Here’s a pretty good article on what’s available in the “good” section. I’ll hit some highs and lows of each and a couple others.
Vuzix Blade – beautiful. I’m not going into a review. There’s a projector on one eye and you’ve got to link to it via their OS. These are the closest I’ve come to purchasing a set of something similar to what I’ve wanted to do. They have videos on the products page. There were three issues that turned me off of this product. 1) one eye display. 2) it’s own OS. I didn’t see where I could screencast my own work. if that were an option it’d be closer to a purchase. 3) the price. It’s a fair price, however, for the price I could do what I’m doing and purchase hardware to test for those that can’t and experiment on better ways for everyone, not just commercial solutions. Again, great product.
Moverio BT-300 – I have heard and read rave reviews about this product from FPV drone fliers. I got excited about these glasses. However, I haven’t found a single review of the non-drone version that I’ve liked. Again, if I could stream my own content or whatever I’d be happy because I could use my own OS. But it’s got a little box to move through the content of the connected Android system. I don’t want that. I will look more at these because if I can figure out how to do more with them, the reviews are incredible.
Sony Smart Glasses – Not full color. These aren’t for me.
Osterhout – beautiful. I didn’t look farther than the price. I don’t care what they can do for $2750 – I don’t have it.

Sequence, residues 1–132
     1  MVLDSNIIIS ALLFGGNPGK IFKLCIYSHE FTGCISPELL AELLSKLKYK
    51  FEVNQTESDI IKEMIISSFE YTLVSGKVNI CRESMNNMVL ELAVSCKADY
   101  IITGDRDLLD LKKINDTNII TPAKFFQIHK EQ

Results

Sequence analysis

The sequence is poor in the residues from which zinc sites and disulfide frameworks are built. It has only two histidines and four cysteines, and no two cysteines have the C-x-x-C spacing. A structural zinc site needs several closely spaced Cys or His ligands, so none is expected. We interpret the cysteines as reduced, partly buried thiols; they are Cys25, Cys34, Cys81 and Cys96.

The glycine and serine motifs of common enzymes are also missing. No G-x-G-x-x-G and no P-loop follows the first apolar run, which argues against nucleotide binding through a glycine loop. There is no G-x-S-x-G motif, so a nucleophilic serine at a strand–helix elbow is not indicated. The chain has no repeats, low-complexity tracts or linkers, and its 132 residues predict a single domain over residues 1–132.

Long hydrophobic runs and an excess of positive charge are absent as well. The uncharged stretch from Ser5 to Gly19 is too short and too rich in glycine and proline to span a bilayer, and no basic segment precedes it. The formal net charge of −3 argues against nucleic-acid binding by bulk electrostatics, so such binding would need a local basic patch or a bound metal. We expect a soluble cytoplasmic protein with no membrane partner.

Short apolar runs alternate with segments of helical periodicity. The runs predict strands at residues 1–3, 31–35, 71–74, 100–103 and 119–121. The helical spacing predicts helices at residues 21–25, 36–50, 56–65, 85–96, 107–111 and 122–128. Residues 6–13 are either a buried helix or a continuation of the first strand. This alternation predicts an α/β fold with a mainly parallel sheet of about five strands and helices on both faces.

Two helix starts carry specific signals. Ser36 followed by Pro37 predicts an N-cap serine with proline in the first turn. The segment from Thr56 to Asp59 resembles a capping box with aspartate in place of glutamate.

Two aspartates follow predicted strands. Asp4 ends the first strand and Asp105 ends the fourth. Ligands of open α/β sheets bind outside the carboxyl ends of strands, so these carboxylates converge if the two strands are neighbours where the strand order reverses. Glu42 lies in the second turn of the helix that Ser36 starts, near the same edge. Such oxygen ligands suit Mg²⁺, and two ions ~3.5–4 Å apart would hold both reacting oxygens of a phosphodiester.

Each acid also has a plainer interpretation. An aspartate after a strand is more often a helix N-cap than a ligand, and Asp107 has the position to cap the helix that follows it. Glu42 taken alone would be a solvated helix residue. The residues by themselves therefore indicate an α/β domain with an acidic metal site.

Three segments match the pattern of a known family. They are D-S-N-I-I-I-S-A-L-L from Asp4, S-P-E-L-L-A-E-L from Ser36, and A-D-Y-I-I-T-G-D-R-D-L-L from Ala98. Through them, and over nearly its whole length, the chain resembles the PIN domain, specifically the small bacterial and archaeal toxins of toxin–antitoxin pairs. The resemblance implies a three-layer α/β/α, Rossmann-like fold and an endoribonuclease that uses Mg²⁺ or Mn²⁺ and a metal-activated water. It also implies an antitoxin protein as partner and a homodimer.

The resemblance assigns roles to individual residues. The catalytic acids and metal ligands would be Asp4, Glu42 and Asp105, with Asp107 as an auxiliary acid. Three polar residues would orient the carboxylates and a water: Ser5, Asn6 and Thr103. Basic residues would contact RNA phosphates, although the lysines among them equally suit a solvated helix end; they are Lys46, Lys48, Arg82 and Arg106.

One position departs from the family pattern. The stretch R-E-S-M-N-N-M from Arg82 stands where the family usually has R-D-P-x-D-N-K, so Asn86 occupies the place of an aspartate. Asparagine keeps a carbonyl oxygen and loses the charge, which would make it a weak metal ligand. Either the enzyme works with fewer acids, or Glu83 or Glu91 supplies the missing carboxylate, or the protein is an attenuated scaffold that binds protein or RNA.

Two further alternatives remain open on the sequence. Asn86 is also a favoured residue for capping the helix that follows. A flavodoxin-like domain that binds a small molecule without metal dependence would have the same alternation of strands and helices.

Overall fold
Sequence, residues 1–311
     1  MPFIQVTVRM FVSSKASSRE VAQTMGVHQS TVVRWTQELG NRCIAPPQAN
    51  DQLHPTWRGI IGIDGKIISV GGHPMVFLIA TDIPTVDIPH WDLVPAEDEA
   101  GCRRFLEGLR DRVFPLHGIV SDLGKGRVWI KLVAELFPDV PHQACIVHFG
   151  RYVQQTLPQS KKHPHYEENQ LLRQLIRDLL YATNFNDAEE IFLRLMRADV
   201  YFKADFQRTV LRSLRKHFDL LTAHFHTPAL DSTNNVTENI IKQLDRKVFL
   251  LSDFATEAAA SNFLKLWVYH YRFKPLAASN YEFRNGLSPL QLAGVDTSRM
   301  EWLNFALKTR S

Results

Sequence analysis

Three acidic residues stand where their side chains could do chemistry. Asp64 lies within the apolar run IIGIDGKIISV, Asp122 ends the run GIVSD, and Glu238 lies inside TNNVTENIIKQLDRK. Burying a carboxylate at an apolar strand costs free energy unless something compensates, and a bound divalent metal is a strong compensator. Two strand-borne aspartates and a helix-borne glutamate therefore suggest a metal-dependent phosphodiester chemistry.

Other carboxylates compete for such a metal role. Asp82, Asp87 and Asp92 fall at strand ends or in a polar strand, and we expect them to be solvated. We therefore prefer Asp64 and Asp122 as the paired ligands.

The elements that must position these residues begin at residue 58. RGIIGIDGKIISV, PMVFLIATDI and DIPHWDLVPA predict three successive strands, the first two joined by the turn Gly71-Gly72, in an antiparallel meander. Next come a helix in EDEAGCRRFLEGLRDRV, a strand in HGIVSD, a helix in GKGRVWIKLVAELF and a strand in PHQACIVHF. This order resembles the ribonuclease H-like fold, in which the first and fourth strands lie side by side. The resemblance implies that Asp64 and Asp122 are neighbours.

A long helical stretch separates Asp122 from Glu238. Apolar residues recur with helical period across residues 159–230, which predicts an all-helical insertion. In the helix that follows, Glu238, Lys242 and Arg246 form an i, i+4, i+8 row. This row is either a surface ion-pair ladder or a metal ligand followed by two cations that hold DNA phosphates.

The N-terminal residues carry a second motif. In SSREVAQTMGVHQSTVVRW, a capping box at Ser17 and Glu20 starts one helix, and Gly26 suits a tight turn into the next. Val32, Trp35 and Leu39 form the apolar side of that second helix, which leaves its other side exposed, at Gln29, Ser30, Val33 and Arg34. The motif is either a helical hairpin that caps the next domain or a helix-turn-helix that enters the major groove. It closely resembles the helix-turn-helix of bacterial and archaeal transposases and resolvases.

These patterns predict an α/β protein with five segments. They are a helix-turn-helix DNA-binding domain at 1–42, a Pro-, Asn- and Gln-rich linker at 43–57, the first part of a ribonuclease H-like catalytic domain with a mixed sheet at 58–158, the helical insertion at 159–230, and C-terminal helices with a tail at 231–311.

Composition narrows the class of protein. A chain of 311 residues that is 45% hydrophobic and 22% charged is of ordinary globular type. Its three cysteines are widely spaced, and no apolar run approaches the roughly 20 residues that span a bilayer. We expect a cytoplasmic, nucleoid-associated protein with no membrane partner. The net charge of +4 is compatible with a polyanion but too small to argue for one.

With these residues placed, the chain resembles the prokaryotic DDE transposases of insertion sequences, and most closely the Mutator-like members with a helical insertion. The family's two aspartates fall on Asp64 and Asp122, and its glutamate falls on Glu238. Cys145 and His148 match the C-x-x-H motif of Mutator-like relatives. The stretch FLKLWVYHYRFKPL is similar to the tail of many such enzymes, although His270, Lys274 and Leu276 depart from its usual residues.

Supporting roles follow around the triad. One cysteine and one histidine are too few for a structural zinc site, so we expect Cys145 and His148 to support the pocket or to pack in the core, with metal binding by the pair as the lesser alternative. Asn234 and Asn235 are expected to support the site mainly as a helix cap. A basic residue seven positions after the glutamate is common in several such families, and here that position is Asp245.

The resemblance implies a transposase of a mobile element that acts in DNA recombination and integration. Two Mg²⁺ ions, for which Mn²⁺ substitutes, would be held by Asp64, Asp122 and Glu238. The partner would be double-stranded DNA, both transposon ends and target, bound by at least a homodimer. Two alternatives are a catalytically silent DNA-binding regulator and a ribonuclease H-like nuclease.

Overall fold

MagicLeap – Demos, amazing. I signed up because in order to purchase they trick you into doing so. Over $2k. So out.
Dream Glass – This is where I want to go. They’ve got the start. Doesn’t work on anything but Windows. What?! WHY?!?!?!?! If they change this then this might be a real contender too. Or if I have time to figure out hacking. See hardware later on because this is display and not really a system.
I switched to a MEAN-ish stack (but I’m using MySQL, not MongoDB) for one of my sites and it dawned on me that I could do everything in Node.js if there was enough support for OpenCV. If there wasn’t I could still do some workarounds by calling Python to do what I wanted and manipulating things with Node.js the way I wanted to. It wasn’t ideal, but I could do it.
To my surprise, there were a lot more bindings, mature bindings, for Node.js that did what I wanted than I anticipated.
As of this moment, using Express, Node.js, and jQuery I’m able to do nearly everything that I want to do. My base example for this project was a bastardized Express project that I found that was doing what I was doing but better and complete. I’ve not been sorry of the switch to Node.js from Python. My processor and my RAM have both been grateful for the switch from other implementations I’ve run in the past that pushed them to the limits. Let’s not forget it’s been 17 years since I started the first version so hardware has come a long way too but in the last two years the other versions in Java and Python would run the system to its brink. Node.js and Express simply don’t do that and I can manipulate the DOM how I want to.